Skip to content
Permalink
Branch: master
Find file Copy path
Find file Copy path
Fetching contributors…
Cannot retrieve contributors at this time
827 lines (661 sloc) 28.5 KB

+++ title = "React Styled Components Tutorial" description = "A beginner friendly tutorial for CSS-in-JS with Styled Components in React. While learning about it, you will build an Instagram Clone ..." date = "2019-03-30T07:50:46+02:00" tags = ["React", "JavaScript"] categories = ["React", "JavaScript"] keywords = ["react styled components", "react styled components tutorial"] news_keywords = ["react styled components", "react styled components tutorial"] hashtag = "#ReactJs" card = "img/posts/react-styled-components/banner_640.jpg" banner = "img/posts/react-styled-components/banner.jpg" contribute = "react-styled-components.md" headline = "React Styled Components Tutorial"

summary = "A beginner friendly tutorial for CSS-in-JS with Styled Components in React. While learning about it, you will build an Instagram Clone." +++

{{% sponsorship %}}

{{% guest "Yomi Eluwande" "https://twitter.com/yomieluwande" %}}

{{% pin_it_image "react styled components tutorial" "img/posts/react-styled-components/banner.jpg" "is-src-set" %}}

So much has been said about the appropriate way to style modern web apps. There's the general and oldest method of styling at document level - creating a style.css file and linking to it in the HTML file and more recently the method of styling in JS. This is popularly known as CSS-in-JS.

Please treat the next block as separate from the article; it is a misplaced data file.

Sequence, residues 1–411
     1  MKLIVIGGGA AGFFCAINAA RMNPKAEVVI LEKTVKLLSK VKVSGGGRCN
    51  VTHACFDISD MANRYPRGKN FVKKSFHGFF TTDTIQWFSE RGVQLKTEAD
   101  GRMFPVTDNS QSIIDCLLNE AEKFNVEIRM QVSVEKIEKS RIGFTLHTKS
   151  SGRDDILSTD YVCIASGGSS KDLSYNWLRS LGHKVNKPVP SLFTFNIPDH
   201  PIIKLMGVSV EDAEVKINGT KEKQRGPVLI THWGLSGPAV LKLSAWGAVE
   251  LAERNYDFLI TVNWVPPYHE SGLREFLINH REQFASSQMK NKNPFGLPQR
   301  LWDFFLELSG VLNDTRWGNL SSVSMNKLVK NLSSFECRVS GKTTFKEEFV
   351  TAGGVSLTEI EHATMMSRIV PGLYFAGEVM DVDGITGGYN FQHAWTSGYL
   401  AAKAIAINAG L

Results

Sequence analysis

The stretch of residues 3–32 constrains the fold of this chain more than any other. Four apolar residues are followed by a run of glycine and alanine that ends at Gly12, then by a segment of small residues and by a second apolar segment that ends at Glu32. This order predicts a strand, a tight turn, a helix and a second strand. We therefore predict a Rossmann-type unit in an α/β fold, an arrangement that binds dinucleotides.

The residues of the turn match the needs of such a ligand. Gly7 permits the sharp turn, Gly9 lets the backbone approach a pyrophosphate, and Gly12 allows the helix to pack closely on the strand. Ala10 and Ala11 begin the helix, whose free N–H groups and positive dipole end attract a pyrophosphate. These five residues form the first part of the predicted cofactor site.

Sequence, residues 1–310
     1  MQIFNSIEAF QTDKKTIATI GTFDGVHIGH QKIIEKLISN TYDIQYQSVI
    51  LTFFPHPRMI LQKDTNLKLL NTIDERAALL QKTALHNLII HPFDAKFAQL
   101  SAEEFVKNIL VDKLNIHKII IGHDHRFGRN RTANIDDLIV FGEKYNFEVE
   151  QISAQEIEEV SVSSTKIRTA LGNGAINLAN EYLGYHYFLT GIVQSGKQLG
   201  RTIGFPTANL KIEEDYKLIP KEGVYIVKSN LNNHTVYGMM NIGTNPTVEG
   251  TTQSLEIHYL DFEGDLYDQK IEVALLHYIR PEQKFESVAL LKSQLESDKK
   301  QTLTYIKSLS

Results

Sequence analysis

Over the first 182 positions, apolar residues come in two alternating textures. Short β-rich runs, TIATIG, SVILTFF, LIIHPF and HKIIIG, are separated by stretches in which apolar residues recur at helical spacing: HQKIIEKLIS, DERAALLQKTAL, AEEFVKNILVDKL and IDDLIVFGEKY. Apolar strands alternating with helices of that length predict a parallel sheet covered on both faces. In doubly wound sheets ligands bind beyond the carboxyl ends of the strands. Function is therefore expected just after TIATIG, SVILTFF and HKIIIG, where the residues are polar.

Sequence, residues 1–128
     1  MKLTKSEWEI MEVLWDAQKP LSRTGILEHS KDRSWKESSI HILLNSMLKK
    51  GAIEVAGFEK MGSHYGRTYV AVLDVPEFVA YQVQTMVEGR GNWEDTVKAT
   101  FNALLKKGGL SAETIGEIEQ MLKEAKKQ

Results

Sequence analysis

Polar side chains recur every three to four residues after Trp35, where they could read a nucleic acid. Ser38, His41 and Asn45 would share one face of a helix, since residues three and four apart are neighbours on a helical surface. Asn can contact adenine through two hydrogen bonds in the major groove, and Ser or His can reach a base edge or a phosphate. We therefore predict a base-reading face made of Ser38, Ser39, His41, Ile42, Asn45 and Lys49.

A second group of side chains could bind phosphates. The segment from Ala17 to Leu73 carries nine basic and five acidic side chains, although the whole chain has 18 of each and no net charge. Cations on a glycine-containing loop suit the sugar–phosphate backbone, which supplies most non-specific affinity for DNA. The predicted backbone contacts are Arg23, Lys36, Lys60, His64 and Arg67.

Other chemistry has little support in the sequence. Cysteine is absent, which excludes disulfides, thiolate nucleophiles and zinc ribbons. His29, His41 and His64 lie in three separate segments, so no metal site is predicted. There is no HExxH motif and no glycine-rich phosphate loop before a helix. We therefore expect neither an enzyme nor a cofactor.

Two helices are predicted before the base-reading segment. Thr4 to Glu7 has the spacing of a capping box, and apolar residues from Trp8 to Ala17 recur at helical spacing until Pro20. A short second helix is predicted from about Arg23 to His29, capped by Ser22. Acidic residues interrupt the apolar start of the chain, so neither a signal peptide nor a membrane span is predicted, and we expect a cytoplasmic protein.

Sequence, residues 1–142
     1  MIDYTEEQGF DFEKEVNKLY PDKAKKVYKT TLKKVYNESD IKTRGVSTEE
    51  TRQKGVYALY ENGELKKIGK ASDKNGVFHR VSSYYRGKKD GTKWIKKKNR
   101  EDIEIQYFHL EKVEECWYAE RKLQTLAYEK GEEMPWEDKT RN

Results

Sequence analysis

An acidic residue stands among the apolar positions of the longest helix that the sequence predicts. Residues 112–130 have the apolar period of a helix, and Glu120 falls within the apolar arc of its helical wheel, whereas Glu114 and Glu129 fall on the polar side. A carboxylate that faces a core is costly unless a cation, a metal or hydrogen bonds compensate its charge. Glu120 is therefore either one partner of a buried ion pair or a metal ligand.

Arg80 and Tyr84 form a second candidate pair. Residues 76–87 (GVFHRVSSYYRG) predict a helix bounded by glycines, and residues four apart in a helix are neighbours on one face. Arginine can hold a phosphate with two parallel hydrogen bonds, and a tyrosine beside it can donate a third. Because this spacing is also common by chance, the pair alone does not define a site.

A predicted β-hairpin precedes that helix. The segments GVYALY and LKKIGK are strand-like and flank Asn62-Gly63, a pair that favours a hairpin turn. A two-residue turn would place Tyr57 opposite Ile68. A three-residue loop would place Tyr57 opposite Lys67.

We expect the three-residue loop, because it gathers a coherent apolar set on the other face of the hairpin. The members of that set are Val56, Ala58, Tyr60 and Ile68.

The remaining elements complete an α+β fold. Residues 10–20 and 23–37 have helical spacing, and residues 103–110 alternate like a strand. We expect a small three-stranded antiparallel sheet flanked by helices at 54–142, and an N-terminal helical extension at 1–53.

CSS-in-JS is a styling approach that abstracts the CSS model to the component level, rather than the document level. This is the idea that CSS can be scoped to a specific component only and as opposed to the document level. The benefits of using CSS-in-JS includes:

  • Reduce the number of HTTP requests: CSS-in-JS would mean that we don't have to make HTTP requests to load assets and resources.
  • Styling Fragmentation: Using CSS-in-JS means you can write styles freely without worrying about compatibility issues.

An example of the CSS-in-JS approach is {{% a_blank "styled-components" "https://www.styled-components.com" %}}. Styled Components allow you to write plain CSS in your components without worrying about class name collisions. It helps to write CSS that's scoped to a single component and does not leak to any other element in the page.

{{% chapter_header "Why Styled Components?" "styled-components-benefits" %}}

Styled Components enable writing of CSS in JavaScript using tagged template literals. It removes the mapping between components and styles — component is made into a low-level styling construct. Styled Components was created because of the following reasons:

  • Automatic critical CSS: Styled Components keeps track of which components are rendered on a page and injects their styles and nothing else, fully automatically. Combined with code splitting, this means your users load the least amount of code necessary.